KIEV, June 2 (Reuters) - The recent stability of Ukraine’s national hryvnia currency could allow the central bank to ease monetary policy in the near future, a central bank official said in a statement on Tuesday.
The hryvnia lost 50 percent in value against the dollar in February but has since stabilised after the bank raised interest rates, intervened in the currency market and tightened controls.
The main interest rate has since been kept at 30 percent.
“This is a temporary measure and therefore the fall in risks to hryvnia stability allow one to expect the easing of monetary policy in the near term,” deputy central bank chief Dmitry Sologub was quoted as saying in a statement on the bank’s Facebook page. He did not give further details.
The official hryvnia rate stood at about 21.07 to the dollar on Tuesday, compared with February’s record high of over 30, but still over 20 percent weaker than at the start of the year.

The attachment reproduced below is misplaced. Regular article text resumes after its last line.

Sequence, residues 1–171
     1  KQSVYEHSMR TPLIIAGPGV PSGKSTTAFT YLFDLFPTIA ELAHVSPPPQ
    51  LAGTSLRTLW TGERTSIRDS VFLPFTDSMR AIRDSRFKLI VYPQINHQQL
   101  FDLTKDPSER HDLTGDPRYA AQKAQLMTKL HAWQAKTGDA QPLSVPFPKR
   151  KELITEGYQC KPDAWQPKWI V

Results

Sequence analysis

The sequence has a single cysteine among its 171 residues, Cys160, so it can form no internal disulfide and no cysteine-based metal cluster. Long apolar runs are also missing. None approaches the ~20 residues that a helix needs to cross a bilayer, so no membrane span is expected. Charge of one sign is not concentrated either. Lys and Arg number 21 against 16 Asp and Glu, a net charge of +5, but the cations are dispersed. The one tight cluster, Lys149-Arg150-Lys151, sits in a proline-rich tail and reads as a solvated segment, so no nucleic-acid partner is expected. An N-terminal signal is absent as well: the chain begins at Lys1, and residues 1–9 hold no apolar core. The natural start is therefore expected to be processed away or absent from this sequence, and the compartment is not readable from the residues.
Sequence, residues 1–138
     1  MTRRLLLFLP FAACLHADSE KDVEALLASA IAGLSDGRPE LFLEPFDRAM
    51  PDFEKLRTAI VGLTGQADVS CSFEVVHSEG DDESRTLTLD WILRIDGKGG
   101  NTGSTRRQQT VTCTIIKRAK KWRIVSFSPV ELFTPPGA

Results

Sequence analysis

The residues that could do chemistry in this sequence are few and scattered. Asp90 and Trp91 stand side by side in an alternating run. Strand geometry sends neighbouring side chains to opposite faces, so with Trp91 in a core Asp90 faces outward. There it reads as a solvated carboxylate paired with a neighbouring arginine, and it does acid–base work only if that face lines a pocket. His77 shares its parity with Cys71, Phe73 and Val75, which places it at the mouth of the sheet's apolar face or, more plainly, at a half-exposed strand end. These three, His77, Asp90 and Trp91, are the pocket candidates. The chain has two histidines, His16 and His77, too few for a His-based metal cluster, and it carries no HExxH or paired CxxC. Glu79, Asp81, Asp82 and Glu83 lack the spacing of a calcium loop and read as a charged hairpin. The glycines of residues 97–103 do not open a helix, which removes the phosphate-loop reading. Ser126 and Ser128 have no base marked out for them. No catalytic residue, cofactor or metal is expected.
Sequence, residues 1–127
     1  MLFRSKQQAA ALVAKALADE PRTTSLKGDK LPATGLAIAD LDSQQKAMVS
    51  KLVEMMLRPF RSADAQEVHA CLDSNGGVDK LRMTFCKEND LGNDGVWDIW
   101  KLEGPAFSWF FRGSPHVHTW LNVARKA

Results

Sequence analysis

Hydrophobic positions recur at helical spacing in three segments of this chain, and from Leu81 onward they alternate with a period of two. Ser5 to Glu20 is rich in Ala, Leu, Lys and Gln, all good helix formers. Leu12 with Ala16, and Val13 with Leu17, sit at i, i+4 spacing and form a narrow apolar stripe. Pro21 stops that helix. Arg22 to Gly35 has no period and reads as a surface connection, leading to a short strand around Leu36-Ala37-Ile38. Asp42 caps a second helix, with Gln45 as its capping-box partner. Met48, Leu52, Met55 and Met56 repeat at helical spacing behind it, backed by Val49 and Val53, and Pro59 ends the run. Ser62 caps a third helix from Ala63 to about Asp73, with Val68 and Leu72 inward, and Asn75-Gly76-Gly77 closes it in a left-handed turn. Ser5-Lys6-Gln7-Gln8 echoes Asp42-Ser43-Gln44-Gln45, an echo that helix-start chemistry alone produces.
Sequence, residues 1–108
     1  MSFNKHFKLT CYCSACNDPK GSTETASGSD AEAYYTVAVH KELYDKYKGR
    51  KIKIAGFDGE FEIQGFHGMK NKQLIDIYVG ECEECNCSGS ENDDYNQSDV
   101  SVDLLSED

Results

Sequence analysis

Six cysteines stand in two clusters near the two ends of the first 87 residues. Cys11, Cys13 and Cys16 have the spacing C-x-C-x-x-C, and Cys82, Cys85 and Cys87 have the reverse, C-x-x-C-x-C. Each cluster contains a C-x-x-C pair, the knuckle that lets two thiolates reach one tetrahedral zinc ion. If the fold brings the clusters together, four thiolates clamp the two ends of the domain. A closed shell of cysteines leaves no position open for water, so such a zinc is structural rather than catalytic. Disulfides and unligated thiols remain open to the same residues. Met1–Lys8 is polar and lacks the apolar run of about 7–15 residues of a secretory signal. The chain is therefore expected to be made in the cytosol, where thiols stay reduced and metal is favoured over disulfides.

Central bank chief Valeriia Gontareva said other currency controls could also be eased.
“We see that the situation on the currency and deposit markets has stabilised, so we will be coming out with concrete steps to liberalise it,” she was quoted as saying in the statement.
Despite the high interest rate, prices in Ukraine are forecast to rise this year at the fastest rate since 1996 due to hryvnia weakness and a rise in utilities prices under an International Monetary Fund bailout programme.
Ukrainian consumer price inflation was 60.9 percent year-on-year in April and the IMF forecasts end-of-year inflation at 46 percent.
Nevertheless, on Sunday the Fund gave a positive assessment of progress by Kiev on economic reform and said it saw signs emerging that “economic stability is gradually taking hold”. (Reporting by Alessandra Prentice; Editing by Tom Heneghan)